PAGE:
"Germany's reliance on Russian gas can effectively limit European sovereignty. I have no doubt," Tusk told reporters days ahead of a Warsaw visit by Chancellor Angela Merkel.
Around a quarter of Russia's natural gas exports head to Germany and the country is also Russia's biggest oil market.
The top European economy buys around one third of its oil and gas from Russia and has extensive trade and investment links with the vast country to the east.
Germany has tried to defuse the Western standoff with Moscow over Ukraine, but analysts say its voice is muted by fears of endangering its economic ties with Russia.
"The Ukraine issue is a matter of the future security of the European Union," Tusk said on a visit to a military base in northern Poland to mark 15 years since his ex-communist nation joined the NATO defence alliance.
The 28-member EU needs to review its energy policy, he added, ahead of Merkel's Wednesday visit.
"I'll be speaking very openly with Merkel, making it clear that the existing climate and natural gas policies risk posing a threat to the security and sovereignty of Europe as a whole," he said.
"I'll present our views on the political threats tied to dependence on Russian gas and money," Tusk said.
"This, of course, applies not just to Germany, but in recent years Germany has been a strong example of this phenomenon," he added.
Tusk said talks with Merkel would also focus on "how Germany could revise certain economic decisions, to avoid the paralysis of Europe at a time when it must act quickly and adopt a clear stance".
Washington on Friday played down the risk posed to the European economy by Russia's threat to cut off gas supplies to Ukraine, insisting the region had adequate stocks.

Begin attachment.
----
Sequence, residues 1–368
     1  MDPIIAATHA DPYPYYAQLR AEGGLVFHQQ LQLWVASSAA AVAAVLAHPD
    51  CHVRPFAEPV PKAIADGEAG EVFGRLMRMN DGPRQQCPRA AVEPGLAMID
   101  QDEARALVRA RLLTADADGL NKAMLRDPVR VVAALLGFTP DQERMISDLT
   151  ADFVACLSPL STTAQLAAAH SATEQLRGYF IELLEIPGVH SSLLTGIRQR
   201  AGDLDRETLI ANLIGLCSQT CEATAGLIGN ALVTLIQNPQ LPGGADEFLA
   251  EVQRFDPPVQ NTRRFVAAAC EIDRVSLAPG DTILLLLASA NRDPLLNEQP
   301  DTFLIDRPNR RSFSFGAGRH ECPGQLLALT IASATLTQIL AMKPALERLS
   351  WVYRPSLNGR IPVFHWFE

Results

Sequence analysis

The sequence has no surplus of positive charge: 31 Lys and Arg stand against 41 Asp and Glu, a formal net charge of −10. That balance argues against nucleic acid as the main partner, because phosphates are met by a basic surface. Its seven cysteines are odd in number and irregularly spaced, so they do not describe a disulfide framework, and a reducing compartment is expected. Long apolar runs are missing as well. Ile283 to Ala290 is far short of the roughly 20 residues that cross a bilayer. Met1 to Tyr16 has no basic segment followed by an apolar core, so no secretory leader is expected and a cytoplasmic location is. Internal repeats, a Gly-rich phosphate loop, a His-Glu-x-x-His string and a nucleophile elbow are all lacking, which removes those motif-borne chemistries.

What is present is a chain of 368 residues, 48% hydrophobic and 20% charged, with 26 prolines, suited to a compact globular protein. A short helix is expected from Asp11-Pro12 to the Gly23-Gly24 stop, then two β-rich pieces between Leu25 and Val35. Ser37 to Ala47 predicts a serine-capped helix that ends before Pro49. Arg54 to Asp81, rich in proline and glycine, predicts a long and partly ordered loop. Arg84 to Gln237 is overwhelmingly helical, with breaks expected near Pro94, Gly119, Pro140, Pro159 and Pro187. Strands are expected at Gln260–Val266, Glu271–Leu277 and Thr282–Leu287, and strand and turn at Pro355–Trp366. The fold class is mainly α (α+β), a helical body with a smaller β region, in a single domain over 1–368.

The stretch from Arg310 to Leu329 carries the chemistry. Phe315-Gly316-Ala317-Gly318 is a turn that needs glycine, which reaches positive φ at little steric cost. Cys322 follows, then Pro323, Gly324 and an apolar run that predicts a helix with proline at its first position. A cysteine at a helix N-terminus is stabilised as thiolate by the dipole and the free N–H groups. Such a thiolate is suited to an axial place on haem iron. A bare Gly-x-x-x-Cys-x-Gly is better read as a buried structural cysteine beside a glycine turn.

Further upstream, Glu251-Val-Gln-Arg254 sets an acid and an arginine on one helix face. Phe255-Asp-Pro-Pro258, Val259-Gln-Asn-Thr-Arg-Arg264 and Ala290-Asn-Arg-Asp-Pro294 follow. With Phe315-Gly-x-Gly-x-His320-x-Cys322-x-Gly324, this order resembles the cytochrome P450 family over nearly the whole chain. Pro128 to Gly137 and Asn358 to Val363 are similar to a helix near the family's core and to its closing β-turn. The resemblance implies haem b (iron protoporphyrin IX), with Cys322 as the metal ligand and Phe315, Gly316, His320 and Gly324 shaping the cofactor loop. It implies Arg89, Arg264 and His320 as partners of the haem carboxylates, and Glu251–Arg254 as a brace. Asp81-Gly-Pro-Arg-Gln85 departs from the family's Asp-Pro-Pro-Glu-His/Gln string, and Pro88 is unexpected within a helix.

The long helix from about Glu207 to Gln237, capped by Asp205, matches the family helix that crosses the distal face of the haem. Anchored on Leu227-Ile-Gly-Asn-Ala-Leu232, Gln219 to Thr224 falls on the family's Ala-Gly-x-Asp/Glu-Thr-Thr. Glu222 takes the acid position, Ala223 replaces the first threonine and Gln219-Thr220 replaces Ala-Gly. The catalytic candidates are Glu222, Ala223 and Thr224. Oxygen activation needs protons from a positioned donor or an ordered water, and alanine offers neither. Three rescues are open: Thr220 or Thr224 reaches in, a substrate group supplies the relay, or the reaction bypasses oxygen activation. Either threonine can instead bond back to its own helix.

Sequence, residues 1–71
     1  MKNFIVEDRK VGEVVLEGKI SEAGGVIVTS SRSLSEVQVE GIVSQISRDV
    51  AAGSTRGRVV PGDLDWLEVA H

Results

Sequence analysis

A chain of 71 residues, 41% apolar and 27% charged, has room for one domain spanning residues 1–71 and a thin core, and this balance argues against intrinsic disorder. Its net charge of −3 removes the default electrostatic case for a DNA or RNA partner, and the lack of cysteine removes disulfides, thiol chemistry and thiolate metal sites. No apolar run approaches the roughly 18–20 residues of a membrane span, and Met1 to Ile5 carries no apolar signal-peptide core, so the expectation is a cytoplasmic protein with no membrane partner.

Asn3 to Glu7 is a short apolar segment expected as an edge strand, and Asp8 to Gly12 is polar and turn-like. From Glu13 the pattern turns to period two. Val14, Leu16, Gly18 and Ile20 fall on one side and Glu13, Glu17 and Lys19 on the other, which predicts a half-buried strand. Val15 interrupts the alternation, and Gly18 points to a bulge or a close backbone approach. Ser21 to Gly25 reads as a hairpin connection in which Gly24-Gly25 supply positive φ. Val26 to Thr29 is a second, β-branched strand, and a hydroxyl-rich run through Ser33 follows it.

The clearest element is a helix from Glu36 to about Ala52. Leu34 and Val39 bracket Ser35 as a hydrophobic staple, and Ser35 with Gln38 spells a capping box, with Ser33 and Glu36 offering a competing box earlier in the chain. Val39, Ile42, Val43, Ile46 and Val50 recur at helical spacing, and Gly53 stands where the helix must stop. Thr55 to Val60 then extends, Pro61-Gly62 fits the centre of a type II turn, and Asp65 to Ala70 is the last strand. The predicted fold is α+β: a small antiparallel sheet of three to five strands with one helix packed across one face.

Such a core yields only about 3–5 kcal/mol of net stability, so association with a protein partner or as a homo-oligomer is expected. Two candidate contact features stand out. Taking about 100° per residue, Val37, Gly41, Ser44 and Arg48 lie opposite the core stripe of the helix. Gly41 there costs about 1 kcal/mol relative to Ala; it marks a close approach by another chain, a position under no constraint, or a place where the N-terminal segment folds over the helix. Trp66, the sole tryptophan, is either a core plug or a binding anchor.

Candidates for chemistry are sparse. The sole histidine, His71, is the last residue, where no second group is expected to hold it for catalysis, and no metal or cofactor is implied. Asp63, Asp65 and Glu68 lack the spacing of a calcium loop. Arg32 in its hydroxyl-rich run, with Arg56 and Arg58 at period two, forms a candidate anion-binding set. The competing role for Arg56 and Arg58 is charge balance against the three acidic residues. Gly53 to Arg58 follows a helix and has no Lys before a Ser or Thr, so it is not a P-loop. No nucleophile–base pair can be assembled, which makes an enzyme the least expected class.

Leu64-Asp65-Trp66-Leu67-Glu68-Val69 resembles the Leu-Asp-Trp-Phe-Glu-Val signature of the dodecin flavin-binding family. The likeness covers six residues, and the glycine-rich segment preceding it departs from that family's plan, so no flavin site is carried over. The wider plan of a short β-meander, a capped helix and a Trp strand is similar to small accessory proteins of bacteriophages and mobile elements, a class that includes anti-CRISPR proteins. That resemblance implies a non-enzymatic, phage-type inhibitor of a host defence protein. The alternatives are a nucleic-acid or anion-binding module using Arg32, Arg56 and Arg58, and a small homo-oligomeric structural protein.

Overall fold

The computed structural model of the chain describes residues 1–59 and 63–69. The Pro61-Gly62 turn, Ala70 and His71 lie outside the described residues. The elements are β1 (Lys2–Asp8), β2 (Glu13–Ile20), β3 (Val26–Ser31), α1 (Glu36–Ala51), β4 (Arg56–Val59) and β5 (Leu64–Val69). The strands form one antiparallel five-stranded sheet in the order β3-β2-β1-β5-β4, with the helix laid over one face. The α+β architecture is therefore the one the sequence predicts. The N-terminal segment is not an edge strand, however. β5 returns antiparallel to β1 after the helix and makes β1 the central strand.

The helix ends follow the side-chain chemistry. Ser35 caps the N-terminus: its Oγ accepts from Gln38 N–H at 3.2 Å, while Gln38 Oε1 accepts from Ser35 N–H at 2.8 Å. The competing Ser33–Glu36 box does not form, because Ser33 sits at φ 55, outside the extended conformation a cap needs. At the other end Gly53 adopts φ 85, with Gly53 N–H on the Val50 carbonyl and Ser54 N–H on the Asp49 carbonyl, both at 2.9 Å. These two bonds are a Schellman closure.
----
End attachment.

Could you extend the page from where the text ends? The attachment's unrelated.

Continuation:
'Crimea poll illegal'
Tusk's comments come a day after Merkel told Russian President Vladimir Putin on Sunday she believed the referendum being held in Crimea this month on joining Russia was "illegal".
"The chancellor asserted the German position forcefully that the so-called March 16th referendum on Crimea is illegal. It is against the Ukrainian constitution and international law," her spokesman Steffen Seibert said, recounting a phone call between the two leaders.
In a strongly-worded message, Merkel also said that she "deplored the lack of progress that has been made in forming an international contact group to help find a political path and a solution to resolve the conflict in Ukraine".
Seibert added that the Chancellor had stressed the urgent need to find a solution to the crisis.
Merkel also discussed the Ukraine situation during a telephone conversation with Chinese President Xi Jinping.
According to Seibert, Xi said he was favourable to finding a political solution "through dialogue".
"He emphasized that an end to the crisis should be based on international law," he said.
A statement released by Moscow after Merkel's conversation with Putin – and a subsequent conversation the Russian leader had with the British Prime Minister David Cameron – asserted the Kremlin's position that the pro-Russian forces in Crimea were "legitimate".
Putin wished in particular to stress that "the lawful leadership in Crimea is taking actions based on international law and with the aim of guaranteeing the legitimate interests of the population of the peninsula," Moscow said.
A referendum will be held in Crimea on March 16th to see if the southern Ukrainian region wants to immediately become part of the Russian Federation.